Landlord’s notice to quit ‘invalid’ as it was sent to old address
A notice to quit was declared invalid because the landlords sent it to the tenant’s old address, even though they had been informed of the new one six years earlier.
The case involved the tenancy of an agricultural holding.
The tenancy agreement stated: "Either party may serve any notice (including any notice in proceedings) on the other at the address given in the Particulars [at the beginning of the tenancy agreement] or such other address as has previously been notified in writing."
In July 2011, the landlords served notice to quit at the tenant's address as shown in the Particulars, even though he had moved from that address nearly six years before and had given notice of his change of address to the landlords by a written note dated December 2006.
The judge found that the old address was still valid as it was the one given in the Particulars, and it remained acceptable for service even after receipt by the landlords of the December 2006 notice of change of address.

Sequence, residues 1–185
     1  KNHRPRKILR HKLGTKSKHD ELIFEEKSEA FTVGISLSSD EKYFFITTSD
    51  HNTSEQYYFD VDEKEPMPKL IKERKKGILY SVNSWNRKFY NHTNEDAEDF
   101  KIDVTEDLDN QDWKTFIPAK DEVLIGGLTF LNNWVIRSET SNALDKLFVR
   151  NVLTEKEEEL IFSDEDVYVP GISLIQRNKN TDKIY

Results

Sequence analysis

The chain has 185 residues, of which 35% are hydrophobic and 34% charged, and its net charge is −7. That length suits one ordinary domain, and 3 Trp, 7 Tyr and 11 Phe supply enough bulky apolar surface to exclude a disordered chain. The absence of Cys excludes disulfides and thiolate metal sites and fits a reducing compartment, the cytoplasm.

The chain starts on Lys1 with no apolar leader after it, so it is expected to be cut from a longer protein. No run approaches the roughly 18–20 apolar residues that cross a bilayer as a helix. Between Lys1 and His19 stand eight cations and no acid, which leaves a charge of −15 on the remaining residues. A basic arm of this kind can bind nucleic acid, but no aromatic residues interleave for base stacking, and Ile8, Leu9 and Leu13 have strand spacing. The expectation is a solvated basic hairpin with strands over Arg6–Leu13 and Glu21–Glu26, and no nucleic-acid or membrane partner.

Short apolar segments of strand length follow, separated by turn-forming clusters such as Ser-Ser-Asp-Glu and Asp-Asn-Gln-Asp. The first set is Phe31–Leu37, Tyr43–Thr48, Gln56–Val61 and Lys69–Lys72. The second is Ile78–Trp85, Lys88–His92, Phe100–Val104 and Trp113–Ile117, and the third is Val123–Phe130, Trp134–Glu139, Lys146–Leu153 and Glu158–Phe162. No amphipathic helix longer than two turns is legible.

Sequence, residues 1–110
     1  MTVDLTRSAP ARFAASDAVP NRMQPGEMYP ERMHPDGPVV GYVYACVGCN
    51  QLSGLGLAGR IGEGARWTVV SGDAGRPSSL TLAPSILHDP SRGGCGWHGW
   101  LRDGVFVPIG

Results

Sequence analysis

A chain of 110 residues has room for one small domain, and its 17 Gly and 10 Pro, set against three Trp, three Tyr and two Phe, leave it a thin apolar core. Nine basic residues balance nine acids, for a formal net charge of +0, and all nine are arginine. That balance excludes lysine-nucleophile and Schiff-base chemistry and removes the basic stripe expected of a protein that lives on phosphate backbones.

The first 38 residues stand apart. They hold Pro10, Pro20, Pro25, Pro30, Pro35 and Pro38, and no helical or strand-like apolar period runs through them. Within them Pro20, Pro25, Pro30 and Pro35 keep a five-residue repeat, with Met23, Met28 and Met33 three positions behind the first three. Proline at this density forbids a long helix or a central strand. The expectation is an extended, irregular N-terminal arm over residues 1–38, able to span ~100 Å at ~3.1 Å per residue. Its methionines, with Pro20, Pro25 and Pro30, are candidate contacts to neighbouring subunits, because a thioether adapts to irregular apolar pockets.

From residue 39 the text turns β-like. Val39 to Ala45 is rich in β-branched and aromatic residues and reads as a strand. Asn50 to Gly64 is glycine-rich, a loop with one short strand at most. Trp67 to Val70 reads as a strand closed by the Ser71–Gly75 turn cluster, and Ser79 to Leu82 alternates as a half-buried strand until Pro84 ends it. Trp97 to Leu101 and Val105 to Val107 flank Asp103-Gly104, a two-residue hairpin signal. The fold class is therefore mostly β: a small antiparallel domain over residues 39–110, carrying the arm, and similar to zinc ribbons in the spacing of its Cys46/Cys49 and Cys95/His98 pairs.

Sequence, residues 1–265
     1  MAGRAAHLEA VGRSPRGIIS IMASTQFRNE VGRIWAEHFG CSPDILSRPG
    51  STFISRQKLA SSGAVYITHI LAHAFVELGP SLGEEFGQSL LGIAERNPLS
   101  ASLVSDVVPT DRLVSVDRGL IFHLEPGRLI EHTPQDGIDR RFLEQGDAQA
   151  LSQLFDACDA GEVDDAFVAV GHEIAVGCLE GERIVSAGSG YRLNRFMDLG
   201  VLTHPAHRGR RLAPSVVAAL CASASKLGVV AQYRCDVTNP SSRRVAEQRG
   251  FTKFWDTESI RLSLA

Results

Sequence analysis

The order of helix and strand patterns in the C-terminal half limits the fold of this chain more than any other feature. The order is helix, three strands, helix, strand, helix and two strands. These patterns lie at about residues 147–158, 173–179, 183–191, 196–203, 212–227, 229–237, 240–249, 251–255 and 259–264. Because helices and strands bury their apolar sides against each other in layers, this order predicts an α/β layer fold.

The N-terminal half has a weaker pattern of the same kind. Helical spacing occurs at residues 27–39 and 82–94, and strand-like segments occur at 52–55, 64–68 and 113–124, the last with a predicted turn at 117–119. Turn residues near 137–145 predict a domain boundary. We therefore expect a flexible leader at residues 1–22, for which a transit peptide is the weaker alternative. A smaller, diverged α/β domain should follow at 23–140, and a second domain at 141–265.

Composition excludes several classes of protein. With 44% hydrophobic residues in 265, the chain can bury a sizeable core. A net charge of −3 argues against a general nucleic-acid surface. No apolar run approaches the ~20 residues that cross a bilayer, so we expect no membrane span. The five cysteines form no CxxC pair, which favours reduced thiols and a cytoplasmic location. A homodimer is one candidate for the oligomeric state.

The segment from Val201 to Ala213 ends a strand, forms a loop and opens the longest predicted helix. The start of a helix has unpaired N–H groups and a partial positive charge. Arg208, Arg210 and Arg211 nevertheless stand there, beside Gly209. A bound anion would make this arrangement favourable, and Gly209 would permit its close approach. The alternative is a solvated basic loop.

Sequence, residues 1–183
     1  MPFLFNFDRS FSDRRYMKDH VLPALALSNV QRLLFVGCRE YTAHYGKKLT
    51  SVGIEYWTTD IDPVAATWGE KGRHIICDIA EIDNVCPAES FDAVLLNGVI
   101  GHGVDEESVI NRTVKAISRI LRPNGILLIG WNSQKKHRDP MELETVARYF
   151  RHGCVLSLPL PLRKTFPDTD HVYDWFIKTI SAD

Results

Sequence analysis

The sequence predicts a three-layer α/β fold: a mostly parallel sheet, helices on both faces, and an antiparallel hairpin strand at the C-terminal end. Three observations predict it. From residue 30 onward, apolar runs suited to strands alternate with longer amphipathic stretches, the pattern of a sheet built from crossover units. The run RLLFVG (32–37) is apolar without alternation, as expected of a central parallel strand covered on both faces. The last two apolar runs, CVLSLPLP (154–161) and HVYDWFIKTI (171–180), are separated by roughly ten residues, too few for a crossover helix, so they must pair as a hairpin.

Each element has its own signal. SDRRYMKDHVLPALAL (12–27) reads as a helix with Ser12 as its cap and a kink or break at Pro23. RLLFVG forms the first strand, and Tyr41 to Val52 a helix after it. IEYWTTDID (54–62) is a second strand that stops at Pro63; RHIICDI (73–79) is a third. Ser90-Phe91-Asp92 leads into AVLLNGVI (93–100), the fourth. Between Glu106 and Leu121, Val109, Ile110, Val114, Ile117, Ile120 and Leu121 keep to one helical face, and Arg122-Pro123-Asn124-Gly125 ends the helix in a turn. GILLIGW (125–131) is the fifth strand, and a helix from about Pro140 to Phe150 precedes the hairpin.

The Court of Appeal has overturned that decision.
It held that as a matter of commercial common sense, the parties must have intended that the new address, once duly notified, should supersede the original one shown in the Particulars. Otherwise, an unscrupulous landlord, in full knowledge of the tenant's actual current address, could continue to send notices to the tenant's original address years after he had moved.
Please contact Janice Young if you would like more information about the issues raised in this article or any aspect of commercial property law.